Education in Norway
Norwegian Education System is renowned at international level for its security, excellent teaching, and educational institutions. In Norway, there are many international schools available where many foreigners have chosen to enroll their children in the regular Norwegian education system.
“The Norwegian educational system aims to be among the best in the world with regards to both academic levels and breadth of participation and completion rates. The quality of their education and training is instrumental for the qualities developed in their society.”
Education in Norway costs 6.6 percent of the gross domestic product, while the average for the OECD countries is 5.9 percent.
From Kindergarten to University: How the Education System Works in Norway
Kindergarten Daycare and Education
The Government has the overall responsibility for quality development, management and financing of the kindergarten sector, and allocates earmarked funds for the running of kindergartens.
A Barnehage is an institution for children below the compulsory school age. Although nursery is often translated as a school or kindergarten, the system is very different from what you get in the UK or the USA, because it starts at a very young age.
At the age of one, approximately 70% of children attend a Barnehage, a figure which rises to 92% at the age of two, and 96% at the age of three.
Kindergarten owners are responsible for the contents of the individual kindergarten. The Parents’ Council for each kindergarten determines a year plan ensuring the participation of parents and staff in the framing of the educational contents. Kindergarten owners are responsible for employing adequate and qualified staff.
The School System
The Norwegian school system can be divided into three parts: Elementary school (Barneskole, ages 6–13), lower secondary school (Ungdomsskole, ages 13–16), and upper secondary school (Videregående Skole, ages 16–19).
- Primary and lower secondary education covers children aged 6 to 15 or grades 1 to 10. Local authorities are required to offer before and after-school care for pupils in 1st to 4th grade. Compulsory education is divided into two main stages: Primary school (grades 1–7) and lower secondary school (grades 8–10).
- Upper secondary education normally provides three years of general education or four years of vocational training after the compulsory 10-year program. Upper secondary education and training comprise all courses leading to qualifications above the lower secondary level and below the level of higher education.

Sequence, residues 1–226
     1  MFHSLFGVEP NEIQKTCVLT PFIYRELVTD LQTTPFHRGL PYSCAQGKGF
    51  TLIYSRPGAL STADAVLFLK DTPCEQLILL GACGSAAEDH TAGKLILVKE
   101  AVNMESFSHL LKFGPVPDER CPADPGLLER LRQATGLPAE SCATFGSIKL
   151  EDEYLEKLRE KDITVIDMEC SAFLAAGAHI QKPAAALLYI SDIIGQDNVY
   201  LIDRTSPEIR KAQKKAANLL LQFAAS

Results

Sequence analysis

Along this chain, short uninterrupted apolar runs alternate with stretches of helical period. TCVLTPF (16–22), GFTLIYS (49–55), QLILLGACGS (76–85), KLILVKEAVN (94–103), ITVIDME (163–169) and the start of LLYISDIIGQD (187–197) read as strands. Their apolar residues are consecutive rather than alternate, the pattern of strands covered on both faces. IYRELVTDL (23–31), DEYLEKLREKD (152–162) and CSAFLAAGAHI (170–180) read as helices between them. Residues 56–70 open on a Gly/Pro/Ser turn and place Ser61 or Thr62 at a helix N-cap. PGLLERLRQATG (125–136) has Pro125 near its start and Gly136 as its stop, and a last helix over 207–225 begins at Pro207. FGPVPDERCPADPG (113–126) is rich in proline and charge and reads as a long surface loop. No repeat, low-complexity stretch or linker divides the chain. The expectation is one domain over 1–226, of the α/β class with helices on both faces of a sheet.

- Tertiary vocational programs are post-secondary but are not defined as higher education. They run from between six months to a maximum of two years. Tertiary vocational education is an alternative to higher education and is based on upper secondary education and training or equivalent informal and non-formal competence.
Higher education is based on research and usually builds on three years’ completed and passed upper secondary education. There are about 195 000 students at Norwegian universities and university colleges (both public and private).
The main structure in Norway is a 3+2+3 model. (In other words a three-year bachelor‘s degree, two-year master‘s degree and a three-year doctoral program)
Tuition at public universities in Norway is free, even for international students.
The percentage of people aged 19-24 in higher education has risen substantially, from around 10-12% in 1980 to 28% (men) and 43% (women) in 2016. The most popular fields are currently natural sciences, vocational and technical subjects (19.5%) followed by education (18%).
The state is responsible for universities and university colleges, which are directly subordinate to the Ministry of Education and Research.
Adults who have not completed sufficient primary and lower secondary learning are entitled to the education at these levels. Adults from the age of 25 years, who have completed primary and lower secondary (or equivalent) but not upper secondary, have the right to such education upon application.
Lifelong learning and opportunities for education for adults are important principles in Norwegian education policy.
Norway’s provision for adult education includes primary, lower secondary and upper secondary, folk high schools, associations and independent distance learning institutions. Study associations offer courses in most municipalities. Folk high schools are free, general schools that have a clear integrative goal.
10 000 adults each year receive education at primary and lower secondary level. 20 000 adults participate in upper secondary education and training each year. 15 000 students attend continuing education courses at public universities and university colleges. 70 000 participate in supplementary training courses.